• It is transferred to dominant needle holder for the next bite if the orientation is correct. Otherwise it is dropped and re-orientated in the needle holder. Once the suture has passed through the two edges, the thread is pulled trough, handing the suture one needle holder to the other.
  • The distance between the suture bites must be approximately equal to the depth of the bites.


The Stringer Laparoscopic Suturing Technique

Intracorporeal knot tying utilizing the Endo Stitch is fast and easy and does not require a knot pusher.

To create an intracorporeal knot at the end of the suture line, place the needle in the left jaw position and pass it under the suture line at the end of the incision (Figure 3A). Toggle the needle to the right jaw to create a loop.





Have the surgical assistant grasp the loop and pull it vertically (Figure 3B). With the needle in the right jaw, place the loop of suture that the assistant is holding between the jaws of the Endo Stitch.

Toggle the needle to the left jaw and pull the needle around the loop held by the assistant, passing under the suture on the right side (Figure 3C). This creates a flat surgical knot.





Tighten the knot by having the surgical assistant pull in one direction while the surgeon pulls in the opposite direction with the Endo Stitch in the closed position (Figure 3D). Repeat the steps shown in Figures 3B, 3C and 3D to create the second tie in the knot. Additional ties may also be placed, as desired by the surgeon, to totally secure the knot.


An Innovative New Technique Hysterectomy (surgical removal of the uterus) is one of the most commonly performed procedures in the United States. Abdominal hysterectomy typically requires women to spend four to six days in the hospital and four to six weeks recuperating at home.

Now a technique called laparoscopy makes it possible to perform this procedure in a minimally invasive manner, allowing patients to go home one or two days after surgery and to resume full activity within a week or two.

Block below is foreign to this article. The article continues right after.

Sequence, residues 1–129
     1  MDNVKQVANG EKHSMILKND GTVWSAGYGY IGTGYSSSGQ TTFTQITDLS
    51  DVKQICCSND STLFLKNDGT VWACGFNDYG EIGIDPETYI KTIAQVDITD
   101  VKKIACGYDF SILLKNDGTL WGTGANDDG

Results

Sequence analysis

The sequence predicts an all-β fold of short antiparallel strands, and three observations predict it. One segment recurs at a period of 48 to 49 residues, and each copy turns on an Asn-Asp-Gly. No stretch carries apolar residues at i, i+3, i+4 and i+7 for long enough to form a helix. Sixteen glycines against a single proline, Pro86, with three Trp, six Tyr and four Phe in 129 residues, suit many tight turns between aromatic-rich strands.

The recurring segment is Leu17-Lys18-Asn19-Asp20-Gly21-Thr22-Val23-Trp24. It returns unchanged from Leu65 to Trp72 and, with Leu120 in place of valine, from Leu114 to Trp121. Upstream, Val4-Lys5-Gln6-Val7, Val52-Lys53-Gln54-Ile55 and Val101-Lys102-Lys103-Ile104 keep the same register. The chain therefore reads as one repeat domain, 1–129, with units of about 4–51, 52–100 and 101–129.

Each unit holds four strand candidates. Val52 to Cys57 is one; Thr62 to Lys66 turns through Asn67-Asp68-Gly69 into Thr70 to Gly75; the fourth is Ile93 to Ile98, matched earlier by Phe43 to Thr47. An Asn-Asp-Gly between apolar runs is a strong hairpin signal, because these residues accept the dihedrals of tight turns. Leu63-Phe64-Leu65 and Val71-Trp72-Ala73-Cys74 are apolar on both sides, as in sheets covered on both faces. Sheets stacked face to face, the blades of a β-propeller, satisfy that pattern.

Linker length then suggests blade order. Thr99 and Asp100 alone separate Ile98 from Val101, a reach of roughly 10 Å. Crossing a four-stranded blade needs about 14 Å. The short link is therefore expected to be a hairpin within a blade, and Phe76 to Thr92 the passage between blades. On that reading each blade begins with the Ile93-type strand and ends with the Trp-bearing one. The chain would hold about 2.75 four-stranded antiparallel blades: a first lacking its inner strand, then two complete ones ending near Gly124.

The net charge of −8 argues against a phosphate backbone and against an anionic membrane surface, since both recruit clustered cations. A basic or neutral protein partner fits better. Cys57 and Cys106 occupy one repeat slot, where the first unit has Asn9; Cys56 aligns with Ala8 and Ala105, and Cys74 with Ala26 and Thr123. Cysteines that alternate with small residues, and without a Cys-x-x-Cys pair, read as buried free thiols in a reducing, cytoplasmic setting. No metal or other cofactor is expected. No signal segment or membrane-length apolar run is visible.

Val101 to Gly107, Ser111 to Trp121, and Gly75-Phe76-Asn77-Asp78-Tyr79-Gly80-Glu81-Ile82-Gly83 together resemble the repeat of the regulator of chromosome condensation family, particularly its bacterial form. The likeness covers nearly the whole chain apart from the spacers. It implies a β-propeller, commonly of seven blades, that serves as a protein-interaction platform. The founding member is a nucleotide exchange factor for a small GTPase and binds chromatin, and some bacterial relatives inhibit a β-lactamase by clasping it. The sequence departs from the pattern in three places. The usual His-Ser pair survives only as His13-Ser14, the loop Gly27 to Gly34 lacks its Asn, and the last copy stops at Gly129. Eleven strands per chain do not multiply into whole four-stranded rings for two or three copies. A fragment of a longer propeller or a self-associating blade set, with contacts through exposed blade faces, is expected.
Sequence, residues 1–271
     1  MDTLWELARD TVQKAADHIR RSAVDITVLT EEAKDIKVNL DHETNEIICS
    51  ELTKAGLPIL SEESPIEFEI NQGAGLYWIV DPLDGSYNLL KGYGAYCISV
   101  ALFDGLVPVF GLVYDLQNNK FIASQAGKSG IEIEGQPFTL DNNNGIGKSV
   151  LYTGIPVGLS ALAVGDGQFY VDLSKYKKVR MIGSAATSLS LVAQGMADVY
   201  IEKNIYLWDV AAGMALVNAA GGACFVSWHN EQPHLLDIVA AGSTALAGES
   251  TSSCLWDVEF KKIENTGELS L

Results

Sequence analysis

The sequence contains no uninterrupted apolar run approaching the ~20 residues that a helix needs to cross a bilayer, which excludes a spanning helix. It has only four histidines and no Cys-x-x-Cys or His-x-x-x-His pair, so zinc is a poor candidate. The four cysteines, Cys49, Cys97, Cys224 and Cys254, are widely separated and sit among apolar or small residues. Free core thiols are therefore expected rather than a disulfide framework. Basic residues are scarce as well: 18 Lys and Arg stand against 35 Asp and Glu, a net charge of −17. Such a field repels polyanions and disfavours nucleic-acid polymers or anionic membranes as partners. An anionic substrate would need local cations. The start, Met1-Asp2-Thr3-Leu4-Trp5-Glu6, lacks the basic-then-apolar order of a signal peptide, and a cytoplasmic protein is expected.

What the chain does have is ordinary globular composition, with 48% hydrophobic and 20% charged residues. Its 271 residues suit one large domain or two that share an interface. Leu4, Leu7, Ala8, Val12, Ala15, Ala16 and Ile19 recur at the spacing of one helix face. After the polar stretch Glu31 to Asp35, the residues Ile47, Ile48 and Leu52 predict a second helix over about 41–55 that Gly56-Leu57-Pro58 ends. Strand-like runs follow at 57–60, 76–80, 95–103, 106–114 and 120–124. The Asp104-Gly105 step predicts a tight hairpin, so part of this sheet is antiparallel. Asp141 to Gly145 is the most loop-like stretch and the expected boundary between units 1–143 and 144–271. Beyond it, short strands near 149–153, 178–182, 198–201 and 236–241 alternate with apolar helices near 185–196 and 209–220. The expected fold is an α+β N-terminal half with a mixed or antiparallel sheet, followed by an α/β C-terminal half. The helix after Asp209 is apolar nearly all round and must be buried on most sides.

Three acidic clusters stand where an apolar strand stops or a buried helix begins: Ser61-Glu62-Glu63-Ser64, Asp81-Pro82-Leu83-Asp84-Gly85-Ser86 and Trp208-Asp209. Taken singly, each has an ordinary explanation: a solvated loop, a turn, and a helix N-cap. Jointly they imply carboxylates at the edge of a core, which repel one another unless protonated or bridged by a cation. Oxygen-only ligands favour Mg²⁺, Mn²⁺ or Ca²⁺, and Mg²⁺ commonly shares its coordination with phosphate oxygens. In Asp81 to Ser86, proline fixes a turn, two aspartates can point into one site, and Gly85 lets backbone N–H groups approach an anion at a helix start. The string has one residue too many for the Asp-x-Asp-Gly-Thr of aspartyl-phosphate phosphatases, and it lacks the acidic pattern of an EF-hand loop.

Hysterectomy Past and Present Until recently, about 75 percent of all hysterectomies were performed through an incision in the abdomen. In the remaining cases, the uterus was removed.

Both procedures have drawbacks: The abdominal approach requires a 4- to 6-inch incision, results in considerable postoperative pain, requires a lengthy recuperation, and produces a visible scar. hysterectomy is not possible if the patient's ovaries must be removed, if the patient has had previous pelvic surgery, or if the surgeon must treat related disorders near the uterus.

Now, for many women facing an abdominal hysterectomy, there's a dramatic alternative: (LAVH).

The LAVH Procedure LAVH takes place under general anesthesia, so the patient is unconscious throughout the procedure. Using a trocar (a narrow tubelike instrument), the surgeon gains access to the abdomen through the navel. A laparoscope (a tiny telescope) connected to a camera is inserted through the trocar, allowing the surgeon to view a magnified image of the patient's internal organs on a video monitor. This enables the surgeon to perform the hysterectomy as well as to diagnose and treat related conditions at the same time.